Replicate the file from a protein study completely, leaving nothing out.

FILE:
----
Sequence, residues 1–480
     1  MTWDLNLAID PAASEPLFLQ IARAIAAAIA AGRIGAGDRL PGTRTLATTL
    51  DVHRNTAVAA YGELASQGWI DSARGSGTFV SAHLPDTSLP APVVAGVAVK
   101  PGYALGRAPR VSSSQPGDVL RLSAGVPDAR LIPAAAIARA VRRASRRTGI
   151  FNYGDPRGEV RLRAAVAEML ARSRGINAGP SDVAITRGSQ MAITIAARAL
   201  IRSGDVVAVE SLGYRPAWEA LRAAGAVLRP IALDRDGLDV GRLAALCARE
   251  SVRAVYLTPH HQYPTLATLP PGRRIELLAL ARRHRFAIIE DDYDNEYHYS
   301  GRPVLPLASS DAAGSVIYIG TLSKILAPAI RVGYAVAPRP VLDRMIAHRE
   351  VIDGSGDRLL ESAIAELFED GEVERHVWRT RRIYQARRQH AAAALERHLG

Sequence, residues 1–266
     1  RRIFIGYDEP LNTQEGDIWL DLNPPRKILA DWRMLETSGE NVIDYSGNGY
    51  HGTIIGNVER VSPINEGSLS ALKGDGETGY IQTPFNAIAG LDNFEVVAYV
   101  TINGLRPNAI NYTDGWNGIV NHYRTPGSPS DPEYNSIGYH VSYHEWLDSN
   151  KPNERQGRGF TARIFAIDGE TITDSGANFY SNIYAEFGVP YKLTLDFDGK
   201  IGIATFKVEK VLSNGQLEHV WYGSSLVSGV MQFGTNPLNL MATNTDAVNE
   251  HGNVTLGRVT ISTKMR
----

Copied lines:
Sequence, residues 1–480
     1  MTWDLNLAID PAASEPLFLQ IARAIAAAIA AGRIGAGDRL PGTRTLATTL
    51  DVHRNTAVAA YGELASQGWI DSARGSGTFV SAHLPDTSLP APVVAGVAVK
   101  PGYALGRAPR VSSSQPGDVL RLSAGVPDAR LIPAAAIARA VRRASRRTGI
   151  FNYGDPRGEV RLRAAVAEML ARSRGINAGP SDVAITRGSQ MAITIAARAL
   201  IRSGDVVAVE SLGYRPAWEA LRAAGAVLRP IALDRDGLDV GRLAALCARE
   251  SVRAVYLTPH HQYPTLATLP PGRRIELLAL ARRHRFAIIE DDYDNEYHYS
   301  GRPVLPLASS DAAGSVIYIG TLSKILAPAI RVGYAVAPRP VLDRMIAHRE
   351  VIDGSGDRLL ESAIAELFED GEVERHVWRT RRIYQARRQH AAAALERHLG

Sequence, residues 1–266
     1  RRIFIGYDEP LNTQEGDIWL DLNPPRKILA DWRMLETSGE NVIDYSGNGY
    51  HGTIIGNVER VSPINEGSLS ALKGDGETGY IQTPFNAIAG LDNFEVVAYV
   101  TINGLRPNAI NYTDGWNGIV NHYRTPGSPS DPEYNSIGYH VSYHEWLDSN
   151  KPNERQGRGF TARIFAIDGE TITDSGANFY SNIYAEFGVP YKLTLDFDGK
   201  IGIATFKVEK VLSNGQLEHV WYGSSLVSGV MQFGTNPLNL MATNTDAVNE
   251  HGNVTLGRVT ISTKMR